Mie Prefecture is the third-largest producer of tea in Japan. The industry consists of tea producers who cultivate soils and work to create environmentally friendly tea gardens and highly skilled tea artisans. The fragrant flavor that comes from strict quality control is highly evaluated all over Japan.
Hijiki seaweed in the Ise-Shima region is grown by Kuroshio Current, and its stalks are thick and nutritious. Hijiki seaweed is produced by the “Ise method”: after harvested, it is sun-dried on the beach, rehydrated, steamed, and dried once more. The craftsman’s skill acquired through the experience dealing with the ingredients brings out the flavor of hijiki seaweed to the maximum level.
The hinoki trees produced in the Owase region have been famous for high quality since ancient times.
They are produced under proper management and painstaking effort to create living forests with a circulation system that nurtures diverse organisms.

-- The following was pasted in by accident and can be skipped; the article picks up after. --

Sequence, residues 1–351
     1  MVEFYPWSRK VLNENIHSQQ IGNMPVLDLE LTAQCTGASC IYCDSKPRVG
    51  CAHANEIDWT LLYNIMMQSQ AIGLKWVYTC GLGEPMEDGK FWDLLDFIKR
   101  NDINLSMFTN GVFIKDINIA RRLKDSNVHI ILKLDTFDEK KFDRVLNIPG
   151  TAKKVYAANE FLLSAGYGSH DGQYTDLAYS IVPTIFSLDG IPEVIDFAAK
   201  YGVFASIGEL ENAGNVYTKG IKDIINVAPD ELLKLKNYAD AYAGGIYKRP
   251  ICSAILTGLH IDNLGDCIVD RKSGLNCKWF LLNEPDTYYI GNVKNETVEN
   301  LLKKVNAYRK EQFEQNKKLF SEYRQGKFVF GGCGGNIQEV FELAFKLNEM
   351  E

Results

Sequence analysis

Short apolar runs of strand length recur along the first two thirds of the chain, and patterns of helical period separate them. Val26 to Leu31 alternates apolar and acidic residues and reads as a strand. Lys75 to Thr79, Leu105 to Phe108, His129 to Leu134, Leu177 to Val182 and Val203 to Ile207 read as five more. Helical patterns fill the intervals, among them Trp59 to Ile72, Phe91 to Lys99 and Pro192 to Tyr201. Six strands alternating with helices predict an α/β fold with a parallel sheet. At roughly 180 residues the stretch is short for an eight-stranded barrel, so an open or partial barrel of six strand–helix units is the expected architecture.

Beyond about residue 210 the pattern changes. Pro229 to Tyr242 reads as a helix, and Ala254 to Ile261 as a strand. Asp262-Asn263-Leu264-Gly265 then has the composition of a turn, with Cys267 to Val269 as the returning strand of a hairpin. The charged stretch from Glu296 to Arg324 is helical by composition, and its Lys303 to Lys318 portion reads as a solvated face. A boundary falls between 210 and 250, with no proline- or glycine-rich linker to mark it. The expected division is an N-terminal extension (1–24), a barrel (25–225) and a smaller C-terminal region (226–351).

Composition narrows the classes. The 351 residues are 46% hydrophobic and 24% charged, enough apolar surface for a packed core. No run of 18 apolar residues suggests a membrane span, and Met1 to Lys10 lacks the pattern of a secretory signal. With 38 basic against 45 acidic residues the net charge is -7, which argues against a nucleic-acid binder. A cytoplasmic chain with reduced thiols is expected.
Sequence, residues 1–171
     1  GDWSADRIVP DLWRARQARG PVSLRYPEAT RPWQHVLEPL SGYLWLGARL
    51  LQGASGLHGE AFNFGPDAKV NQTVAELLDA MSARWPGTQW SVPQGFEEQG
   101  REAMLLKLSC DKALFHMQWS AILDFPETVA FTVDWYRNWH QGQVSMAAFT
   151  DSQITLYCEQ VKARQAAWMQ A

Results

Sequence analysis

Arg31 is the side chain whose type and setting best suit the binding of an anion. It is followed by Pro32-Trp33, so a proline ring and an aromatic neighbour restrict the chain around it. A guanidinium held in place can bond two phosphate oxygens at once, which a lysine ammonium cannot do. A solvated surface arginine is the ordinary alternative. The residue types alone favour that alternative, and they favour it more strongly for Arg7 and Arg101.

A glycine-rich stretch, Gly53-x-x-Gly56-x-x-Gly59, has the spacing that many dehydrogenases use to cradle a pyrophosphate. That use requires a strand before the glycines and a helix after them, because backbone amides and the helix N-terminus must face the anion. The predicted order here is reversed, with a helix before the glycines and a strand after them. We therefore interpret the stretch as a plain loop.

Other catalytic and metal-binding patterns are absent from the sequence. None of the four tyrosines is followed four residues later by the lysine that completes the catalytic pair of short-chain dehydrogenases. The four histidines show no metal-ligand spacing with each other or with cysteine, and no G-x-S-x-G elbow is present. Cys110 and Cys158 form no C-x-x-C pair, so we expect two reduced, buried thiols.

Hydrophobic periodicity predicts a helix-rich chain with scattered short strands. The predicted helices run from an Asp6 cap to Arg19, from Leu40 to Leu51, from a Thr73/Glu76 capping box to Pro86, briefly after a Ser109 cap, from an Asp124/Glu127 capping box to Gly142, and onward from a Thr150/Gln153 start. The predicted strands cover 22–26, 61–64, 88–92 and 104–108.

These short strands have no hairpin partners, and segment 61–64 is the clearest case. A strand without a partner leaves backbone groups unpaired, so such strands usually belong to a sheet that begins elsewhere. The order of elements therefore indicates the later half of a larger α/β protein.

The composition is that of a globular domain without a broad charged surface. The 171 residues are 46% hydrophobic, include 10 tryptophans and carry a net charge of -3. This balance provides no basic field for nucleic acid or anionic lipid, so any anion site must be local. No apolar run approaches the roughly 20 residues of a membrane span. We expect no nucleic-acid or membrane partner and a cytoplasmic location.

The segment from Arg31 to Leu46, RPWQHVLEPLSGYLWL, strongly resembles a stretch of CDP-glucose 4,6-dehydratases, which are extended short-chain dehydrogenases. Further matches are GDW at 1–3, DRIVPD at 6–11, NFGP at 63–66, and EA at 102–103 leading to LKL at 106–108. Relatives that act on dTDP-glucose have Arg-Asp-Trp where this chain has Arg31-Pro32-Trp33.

The hinoki wood is highly evaluated as a building and interior material for having no knots, homogeneous width of rings, high strength, and beautiful wood pattern.
Nanki Mandarin Orange
Gokuwase Mandarin Oranges and Wase Mandarin Oranges are produced by a unique cultivation method that leverages the warm climate. Kara Mandarin Oranges are a spring orange grown with a lot of time and effort, such as wrapping each fruit. Nanki Mandarin Oranges are filled with the producers’ wisdom and love which make the most of the climate.